When David McCurdy joined Colorado as the state’s chief technology officer, his top priority was to stabilize the state’s infrastructure. Since that stabilization, the state has consolidated data centers and moved deeper into cloud infrastructure.
“We’ve gotten down to three data centers in the state, and this year, we’ve made a major push into infrastructure as a service,” McCurdy says in a video interview with StateScoop conducted last month at the National Association of State Chief Information Officers conference in San Diego.
That move toward infrastructure as a service — a cloud platform that provides virtualized compute resources — indicates a “major leap” for the state in the cloud space, he says.
“We went from zero to hundreds of servers up in public clouds,” McCurdy says in the video. “We’ve actually developed a cloud team in house now, and we’ve started partnering with organizations to help manage it.”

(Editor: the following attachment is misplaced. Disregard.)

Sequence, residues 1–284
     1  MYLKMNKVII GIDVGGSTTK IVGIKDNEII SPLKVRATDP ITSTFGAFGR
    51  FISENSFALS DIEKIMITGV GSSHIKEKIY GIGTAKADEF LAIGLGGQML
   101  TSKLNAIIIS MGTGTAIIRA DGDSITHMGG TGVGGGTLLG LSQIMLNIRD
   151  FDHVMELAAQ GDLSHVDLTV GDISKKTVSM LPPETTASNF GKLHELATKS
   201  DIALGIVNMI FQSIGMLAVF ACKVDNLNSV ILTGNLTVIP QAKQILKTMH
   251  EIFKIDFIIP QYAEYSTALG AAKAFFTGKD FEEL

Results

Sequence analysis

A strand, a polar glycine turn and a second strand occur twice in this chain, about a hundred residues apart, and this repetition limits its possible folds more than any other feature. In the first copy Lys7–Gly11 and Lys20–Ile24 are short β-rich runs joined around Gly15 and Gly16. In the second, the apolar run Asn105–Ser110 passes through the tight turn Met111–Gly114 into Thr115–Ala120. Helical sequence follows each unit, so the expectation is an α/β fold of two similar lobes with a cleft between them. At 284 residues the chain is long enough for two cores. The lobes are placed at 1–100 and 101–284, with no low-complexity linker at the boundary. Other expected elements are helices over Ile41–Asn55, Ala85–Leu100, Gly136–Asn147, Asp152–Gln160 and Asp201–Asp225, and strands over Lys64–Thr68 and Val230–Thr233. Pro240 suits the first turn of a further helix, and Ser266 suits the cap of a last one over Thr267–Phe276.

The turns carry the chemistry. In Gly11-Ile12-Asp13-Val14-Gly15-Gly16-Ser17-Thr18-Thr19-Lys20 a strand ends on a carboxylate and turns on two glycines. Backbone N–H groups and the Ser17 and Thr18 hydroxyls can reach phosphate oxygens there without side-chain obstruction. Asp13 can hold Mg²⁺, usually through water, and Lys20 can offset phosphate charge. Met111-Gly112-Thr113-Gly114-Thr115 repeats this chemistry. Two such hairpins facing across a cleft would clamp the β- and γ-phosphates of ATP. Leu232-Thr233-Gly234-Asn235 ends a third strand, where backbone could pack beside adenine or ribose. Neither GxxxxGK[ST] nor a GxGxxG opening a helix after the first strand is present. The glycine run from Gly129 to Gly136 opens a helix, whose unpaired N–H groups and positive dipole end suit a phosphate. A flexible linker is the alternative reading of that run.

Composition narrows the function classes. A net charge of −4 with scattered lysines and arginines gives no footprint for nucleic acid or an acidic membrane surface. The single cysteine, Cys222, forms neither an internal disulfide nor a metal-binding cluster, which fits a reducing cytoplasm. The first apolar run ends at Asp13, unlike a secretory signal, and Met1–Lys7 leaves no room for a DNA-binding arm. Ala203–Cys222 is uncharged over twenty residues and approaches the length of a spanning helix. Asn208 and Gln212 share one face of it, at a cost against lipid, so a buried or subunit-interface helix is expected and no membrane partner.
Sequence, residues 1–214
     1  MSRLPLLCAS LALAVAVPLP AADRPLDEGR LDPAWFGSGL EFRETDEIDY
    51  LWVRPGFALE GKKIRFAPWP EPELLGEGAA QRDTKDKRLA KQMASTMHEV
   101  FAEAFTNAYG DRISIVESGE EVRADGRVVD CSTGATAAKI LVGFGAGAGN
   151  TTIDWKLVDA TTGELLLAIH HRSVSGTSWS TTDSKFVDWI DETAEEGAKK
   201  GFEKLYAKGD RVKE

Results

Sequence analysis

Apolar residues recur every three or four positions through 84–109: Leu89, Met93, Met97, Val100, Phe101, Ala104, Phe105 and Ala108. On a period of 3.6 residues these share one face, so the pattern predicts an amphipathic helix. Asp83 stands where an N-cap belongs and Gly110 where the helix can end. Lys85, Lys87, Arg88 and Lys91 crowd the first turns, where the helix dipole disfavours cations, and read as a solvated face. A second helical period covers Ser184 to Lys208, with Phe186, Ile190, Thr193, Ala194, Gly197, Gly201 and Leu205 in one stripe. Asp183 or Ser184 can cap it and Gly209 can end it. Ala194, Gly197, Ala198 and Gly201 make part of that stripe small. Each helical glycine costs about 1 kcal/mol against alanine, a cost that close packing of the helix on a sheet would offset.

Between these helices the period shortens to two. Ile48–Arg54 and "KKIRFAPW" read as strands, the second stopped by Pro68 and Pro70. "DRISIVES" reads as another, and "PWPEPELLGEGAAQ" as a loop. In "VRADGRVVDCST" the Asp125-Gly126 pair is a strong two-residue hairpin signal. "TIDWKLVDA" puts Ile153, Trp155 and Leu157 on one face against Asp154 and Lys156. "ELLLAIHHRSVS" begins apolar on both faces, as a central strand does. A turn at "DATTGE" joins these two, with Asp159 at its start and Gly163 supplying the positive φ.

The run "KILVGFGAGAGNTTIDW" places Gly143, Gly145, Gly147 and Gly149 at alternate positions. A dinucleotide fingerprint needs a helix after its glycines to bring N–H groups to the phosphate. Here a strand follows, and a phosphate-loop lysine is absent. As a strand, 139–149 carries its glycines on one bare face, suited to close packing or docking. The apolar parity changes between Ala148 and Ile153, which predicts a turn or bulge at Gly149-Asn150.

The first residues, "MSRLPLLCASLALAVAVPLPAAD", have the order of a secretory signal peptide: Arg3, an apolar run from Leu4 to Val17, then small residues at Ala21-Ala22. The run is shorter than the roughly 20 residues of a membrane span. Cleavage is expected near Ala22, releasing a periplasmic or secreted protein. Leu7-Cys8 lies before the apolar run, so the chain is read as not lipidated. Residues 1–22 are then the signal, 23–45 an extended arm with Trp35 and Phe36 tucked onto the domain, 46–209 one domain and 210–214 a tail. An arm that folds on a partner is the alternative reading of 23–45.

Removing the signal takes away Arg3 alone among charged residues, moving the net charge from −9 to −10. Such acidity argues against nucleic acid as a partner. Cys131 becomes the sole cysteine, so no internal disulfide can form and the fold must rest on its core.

But while McCurdy doesn’t necessarily see a state government information technology agency fully embracing public cloud in the short term, he but does see it play an increasing role in a combination with other types of infrastructure like private clouds and mainframes.
“I do think there’s a right mix, and we’re wanting to take advantage of where the industry is strong and where the state is strong,” McCurdy says.
From the state’s work with Google alone — one of several cloud vendors the state uses — McCurdy says Colorado has seen “upwards of $40 million” in cost savings.
“Even in the Google world — we’ve been a Google customer for 4 or 5 years now — the savings we’ve seen over that time period is upwards of $40 million,” McCurdy says. “[Overall] I would say we’re in the hundreds of millions of dollars [in savings], but anybody can feel free to go out and look at the state of Colorado and find our yearly results in terms of cost savings.”
McCurdy on cost savings:
McCurdy on data analytics:
McCurdy on accessibility:
This video was produced by StateScoop and presented by Google Cloud.